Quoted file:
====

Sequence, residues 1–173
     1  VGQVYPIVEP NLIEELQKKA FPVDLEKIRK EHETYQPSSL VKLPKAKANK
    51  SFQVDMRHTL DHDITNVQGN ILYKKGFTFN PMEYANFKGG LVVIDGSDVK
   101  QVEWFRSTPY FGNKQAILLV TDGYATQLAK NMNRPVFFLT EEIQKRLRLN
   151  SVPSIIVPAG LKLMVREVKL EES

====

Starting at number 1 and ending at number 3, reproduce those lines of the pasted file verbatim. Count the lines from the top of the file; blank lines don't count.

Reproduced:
Sequence, residues 1–173
     1  VGQVYPIVEP NLIEELQKKA FPVDLEKIRK EHETYQPSSL VKLPKAKANK
    51  SFQVDMRHTL DHDITNVQGN ILYKKGFTFN PMEYANFKGG LVVIDGSDVK